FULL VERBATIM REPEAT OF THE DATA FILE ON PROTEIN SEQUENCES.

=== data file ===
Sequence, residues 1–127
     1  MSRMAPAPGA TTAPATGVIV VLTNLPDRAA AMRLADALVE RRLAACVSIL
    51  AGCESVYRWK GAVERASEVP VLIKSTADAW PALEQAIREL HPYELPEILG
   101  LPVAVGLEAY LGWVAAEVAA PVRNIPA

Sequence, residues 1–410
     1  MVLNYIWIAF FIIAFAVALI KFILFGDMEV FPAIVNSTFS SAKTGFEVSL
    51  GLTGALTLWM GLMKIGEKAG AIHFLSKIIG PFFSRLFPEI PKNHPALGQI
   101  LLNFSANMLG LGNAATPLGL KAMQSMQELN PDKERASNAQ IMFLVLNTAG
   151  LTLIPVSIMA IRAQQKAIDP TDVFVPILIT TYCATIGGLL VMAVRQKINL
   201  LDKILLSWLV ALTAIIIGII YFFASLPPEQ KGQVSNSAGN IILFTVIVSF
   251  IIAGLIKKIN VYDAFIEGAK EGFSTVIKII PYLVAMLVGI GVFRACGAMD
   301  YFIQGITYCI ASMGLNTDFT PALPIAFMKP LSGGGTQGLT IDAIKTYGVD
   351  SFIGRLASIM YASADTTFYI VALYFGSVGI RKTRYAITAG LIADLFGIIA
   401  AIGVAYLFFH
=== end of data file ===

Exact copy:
Sequence, residues 1–127
     1  MSRMAPAPGA TTAPATGVIV VLTNLPDRAA AMRLADALVE RRLAACVSIL
    51  AGCESVYRWK GAVERASEVP VLIKSTADAW PALEQAIREL HPYELPEILG
   101  LPVAVGLEAY LGWVAAEVAA PVRNIPA

Sequence, residues 1–410
     1  MVLNYIWIAF FIIAFAVALI KFILFGDMEV FPAIVNSTFS SAKTGFEVSL
    51  GLTGALTLWM GLMKIGEKAG AIHFLSKIIG PFFSRLFPEI PKNHPALGQI
   101  LLNFSANMLG LGNAATPLGL KAMQSMQELN PDKERASNAQ IMFLVLNTAG
   151  LTLIPVSIMA IRAQQKAIDP TDVFVPILIT TYCATIGGLL VMAVRQKINL
   201  LDKILLSWLV ALTAIIIGII YFFASLPPEQ KGQVSNSAGN IILFTVIVSF
   251  IIAGLIKKIN VYDAFIEGAK EGFSTVIKII PYLVAMLVGI GVFRACGAMD
   301  YFIQGITYCI ASMGLNTDFT PALPIAFMKP LSGGGTQGLT IDAIKTYGVD
   351  SFIGRLASIM YASADTTFYI VALYFGSVGI RKTRYAITAG LIADLFGIIA
   401  AIGVAYLFFH